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September 14, 2020

Need a New Refrigerator Fast? Don’t Count On It!

Filed under: Food/Groceries,Retail — Edgar (aka MrConsumer) @ 5:45 am

MrConsumer had a refrigerator emergency about a week ago. His five-year-old Kenmore side-by-side refrigerator was climbing in temperature from a perfect 37 degrees to an out-of-spec 42 degrees. Both the freezer and refrigerator sections were filled to the brim, and I didn’t want to suffer hundreds of dollars of food losses.

But how do you get a repair person on the weekend and then probably have to wait days or weeks for a part to arrive? Well, maybe the faster method was to buy a new refrigerator. So MrConsumer checked and found the current version of his exact model which is one of the very few of this capacity that just fits through his back door and between his cabinets.

The initial search indicated it could be delivered in “3+ days” which might just make it in time. But clicking on the detail revealed the inconvenient truth (and also that Sears had stopped free delivery).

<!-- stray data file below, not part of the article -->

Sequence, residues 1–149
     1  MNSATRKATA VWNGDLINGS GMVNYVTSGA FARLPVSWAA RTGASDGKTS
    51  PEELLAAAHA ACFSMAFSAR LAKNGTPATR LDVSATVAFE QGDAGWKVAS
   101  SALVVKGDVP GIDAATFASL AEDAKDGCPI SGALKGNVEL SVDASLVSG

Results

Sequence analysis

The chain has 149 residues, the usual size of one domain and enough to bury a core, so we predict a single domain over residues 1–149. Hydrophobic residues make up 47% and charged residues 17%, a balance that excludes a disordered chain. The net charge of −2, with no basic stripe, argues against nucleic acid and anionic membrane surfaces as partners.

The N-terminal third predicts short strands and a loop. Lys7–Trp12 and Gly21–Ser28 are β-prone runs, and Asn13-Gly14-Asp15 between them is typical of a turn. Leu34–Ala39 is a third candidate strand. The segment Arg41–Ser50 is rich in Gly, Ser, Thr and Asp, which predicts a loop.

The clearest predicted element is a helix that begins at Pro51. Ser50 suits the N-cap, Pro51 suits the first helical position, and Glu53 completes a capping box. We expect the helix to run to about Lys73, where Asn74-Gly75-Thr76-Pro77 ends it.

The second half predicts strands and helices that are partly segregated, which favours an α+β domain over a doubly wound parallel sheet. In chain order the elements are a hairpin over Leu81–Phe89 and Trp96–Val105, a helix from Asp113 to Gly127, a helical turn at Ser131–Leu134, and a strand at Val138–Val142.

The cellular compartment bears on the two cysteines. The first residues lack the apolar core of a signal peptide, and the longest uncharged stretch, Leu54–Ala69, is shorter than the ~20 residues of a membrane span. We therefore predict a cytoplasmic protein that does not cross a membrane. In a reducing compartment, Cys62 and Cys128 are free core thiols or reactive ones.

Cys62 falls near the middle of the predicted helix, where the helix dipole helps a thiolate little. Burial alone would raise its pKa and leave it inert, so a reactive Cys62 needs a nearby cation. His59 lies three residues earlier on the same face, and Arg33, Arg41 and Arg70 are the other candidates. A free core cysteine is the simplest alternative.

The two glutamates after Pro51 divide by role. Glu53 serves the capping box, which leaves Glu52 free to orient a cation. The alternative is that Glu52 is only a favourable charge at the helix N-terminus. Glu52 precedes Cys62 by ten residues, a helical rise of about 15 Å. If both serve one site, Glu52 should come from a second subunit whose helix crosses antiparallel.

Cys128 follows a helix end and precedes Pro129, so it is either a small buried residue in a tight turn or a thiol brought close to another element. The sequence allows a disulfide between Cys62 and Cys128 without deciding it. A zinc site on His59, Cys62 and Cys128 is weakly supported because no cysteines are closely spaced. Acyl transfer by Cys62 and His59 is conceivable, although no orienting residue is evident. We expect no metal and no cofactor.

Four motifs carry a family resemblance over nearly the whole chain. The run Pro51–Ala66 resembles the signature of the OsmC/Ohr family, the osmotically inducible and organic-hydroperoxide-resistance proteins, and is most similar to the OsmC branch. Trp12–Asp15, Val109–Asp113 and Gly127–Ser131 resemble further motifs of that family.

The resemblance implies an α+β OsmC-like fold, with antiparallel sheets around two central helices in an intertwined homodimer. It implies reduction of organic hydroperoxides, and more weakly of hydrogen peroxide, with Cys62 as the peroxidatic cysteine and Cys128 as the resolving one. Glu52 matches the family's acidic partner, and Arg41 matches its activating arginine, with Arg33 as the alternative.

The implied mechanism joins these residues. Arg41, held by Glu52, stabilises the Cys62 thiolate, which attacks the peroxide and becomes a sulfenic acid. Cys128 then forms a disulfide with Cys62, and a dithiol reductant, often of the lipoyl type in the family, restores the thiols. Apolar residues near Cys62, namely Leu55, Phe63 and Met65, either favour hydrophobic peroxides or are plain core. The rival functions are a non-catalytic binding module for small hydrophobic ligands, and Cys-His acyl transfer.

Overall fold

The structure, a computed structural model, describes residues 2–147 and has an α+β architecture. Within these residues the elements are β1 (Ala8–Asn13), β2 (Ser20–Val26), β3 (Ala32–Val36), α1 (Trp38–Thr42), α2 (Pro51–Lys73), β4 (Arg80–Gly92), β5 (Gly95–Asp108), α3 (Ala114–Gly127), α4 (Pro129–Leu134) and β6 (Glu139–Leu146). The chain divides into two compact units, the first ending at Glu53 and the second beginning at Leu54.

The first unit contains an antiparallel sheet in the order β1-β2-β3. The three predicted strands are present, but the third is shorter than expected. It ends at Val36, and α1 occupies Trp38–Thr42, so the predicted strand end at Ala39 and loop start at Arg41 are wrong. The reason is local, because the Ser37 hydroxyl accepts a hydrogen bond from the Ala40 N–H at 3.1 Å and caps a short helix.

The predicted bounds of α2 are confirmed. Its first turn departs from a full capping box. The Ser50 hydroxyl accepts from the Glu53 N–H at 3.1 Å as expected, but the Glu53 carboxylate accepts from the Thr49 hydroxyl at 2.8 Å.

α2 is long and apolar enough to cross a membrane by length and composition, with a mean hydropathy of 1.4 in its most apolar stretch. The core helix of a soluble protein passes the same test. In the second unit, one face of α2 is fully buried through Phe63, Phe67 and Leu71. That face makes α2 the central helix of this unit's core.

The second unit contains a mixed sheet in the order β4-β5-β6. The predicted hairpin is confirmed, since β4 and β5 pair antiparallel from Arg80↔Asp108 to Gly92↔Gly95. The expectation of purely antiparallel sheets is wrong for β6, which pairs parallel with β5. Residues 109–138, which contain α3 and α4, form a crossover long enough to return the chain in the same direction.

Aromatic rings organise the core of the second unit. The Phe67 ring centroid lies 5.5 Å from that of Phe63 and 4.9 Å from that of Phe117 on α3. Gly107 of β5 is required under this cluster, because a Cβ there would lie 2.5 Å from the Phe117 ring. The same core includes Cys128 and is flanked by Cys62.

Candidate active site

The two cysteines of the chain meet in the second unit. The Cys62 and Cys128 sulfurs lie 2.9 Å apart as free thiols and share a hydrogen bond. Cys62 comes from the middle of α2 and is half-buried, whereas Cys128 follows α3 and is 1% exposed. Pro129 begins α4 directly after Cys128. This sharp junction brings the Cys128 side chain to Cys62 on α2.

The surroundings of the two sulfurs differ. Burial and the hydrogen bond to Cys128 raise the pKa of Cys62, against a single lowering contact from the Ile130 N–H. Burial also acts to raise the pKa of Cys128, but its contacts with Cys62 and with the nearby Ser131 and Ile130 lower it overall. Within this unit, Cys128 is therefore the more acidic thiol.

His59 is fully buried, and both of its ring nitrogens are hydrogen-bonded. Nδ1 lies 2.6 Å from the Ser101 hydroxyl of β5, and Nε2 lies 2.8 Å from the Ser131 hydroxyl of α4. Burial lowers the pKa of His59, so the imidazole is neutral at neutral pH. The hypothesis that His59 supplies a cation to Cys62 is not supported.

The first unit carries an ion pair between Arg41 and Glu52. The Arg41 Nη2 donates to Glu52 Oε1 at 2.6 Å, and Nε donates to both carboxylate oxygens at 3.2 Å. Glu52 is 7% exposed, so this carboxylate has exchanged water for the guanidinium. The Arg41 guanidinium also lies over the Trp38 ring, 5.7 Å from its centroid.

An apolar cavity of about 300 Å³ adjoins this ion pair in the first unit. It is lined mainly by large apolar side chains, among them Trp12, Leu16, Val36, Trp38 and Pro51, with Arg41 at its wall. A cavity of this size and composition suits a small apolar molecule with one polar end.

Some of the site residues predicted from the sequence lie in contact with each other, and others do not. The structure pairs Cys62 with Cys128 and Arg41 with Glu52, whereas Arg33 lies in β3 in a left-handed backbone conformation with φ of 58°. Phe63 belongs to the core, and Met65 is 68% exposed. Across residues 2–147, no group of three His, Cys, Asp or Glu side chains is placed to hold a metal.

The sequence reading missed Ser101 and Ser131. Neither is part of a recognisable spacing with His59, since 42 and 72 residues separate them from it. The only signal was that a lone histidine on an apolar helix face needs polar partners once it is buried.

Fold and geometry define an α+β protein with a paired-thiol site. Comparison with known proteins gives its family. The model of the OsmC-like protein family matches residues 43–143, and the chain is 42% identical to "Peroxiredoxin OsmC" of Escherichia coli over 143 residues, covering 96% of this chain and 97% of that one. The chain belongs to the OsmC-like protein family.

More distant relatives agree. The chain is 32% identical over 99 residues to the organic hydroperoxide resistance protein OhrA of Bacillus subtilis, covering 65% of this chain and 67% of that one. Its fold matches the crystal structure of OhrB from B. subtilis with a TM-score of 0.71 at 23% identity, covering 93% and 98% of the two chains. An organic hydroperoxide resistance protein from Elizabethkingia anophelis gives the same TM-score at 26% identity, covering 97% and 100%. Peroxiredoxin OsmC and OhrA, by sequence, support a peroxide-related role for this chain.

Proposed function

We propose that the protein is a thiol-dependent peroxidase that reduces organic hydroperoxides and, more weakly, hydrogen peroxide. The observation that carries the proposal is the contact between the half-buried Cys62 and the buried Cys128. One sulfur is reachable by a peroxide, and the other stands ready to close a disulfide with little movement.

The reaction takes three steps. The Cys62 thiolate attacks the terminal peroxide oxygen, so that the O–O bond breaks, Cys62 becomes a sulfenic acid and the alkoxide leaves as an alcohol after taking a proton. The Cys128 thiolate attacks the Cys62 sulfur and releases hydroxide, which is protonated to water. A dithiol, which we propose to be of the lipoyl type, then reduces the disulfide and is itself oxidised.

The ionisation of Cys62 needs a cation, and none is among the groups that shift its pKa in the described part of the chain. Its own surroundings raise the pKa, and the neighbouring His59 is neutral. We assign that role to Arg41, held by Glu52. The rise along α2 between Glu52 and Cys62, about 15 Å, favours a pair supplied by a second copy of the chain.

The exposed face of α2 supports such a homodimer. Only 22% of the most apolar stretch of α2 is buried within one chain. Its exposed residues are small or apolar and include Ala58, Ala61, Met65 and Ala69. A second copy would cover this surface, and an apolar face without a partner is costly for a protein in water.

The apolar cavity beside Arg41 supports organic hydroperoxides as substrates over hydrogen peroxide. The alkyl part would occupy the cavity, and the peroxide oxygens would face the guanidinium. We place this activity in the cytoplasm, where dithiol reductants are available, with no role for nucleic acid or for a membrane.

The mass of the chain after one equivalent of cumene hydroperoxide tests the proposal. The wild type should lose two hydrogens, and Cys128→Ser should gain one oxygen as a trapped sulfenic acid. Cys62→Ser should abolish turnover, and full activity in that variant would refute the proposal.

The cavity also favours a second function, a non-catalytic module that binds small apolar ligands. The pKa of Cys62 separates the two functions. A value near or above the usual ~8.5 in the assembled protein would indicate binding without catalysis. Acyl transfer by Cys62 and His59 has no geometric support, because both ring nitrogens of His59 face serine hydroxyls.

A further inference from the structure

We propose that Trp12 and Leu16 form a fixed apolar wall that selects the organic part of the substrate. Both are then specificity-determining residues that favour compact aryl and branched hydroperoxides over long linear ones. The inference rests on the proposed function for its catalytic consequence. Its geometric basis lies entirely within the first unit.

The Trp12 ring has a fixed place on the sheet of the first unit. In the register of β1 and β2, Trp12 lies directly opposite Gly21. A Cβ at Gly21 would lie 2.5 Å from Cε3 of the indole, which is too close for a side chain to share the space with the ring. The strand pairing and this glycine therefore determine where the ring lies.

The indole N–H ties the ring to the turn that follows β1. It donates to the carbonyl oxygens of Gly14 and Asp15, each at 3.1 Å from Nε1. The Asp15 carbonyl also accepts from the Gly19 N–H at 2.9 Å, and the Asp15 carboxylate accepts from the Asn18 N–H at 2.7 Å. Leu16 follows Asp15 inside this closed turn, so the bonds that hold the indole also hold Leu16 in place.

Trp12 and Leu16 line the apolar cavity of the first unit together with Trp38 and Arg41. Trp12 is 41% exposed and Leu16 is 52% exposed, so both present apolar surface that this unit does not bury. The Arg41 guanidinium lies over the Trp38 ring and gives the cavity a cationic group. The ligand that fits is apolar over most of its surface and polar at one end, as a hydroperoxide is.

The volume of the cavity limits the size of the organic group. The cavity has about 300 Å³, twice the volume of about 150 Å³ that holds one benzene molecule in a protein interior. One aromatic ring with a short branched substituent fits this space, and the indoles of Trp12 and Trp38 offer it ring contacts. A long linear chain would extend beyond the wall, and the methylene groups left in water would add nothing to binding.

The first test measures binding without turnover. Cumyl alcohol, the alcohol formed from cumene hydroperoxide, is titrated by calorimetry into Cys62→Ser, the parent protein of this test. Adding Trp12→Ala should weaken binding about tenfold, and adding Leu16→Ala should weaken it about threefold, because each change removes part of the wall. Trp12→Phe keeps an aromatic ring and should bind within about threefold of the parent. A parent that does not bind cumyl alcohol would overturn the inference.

Sears Kenmore fridge

What? Three days became over a month for delivery. So now it was time to check Home Depot, Lowe’s, and Best Buy for the Whirlpool or Maytag version of this model. (My Kenmore was made by Whirlpool.)

The news at those stores wasn’t much better. Either those models were not available at all in my area, or the wait was anywhere from over three weeks to three months.

Best Buy Maytag

Best Buy Whirlpool Home Depot - Whirlpool

Lowe's Maytag Lowe's Whirlpool

With fast delivery of a replacement not a possibility, I started freaking out and tinkering with the temperature controls which have always been finicky. Lo and behold, the refrigerator came back to life, and my crisis was seemingly over. Whewww.

Nonetheless, not being able to get a replacement major appliance quickly was news to me and has not been widely reported. We asked three retailers why this was happening, but they were not talking. Informal chats with salespeople at Lowe’s and Home Depot, however, reveal that COVID-19 is the culprit. They said there have been huge increases in home appliance sales, not just refrigerators, and that manufacturers simply cannot keep up with demand.

Indeed, Lowe’s is now displaying this warning on its website:

Lowe's warning

So if you need a major appliance in a hurry, you might not get your first choice for a while.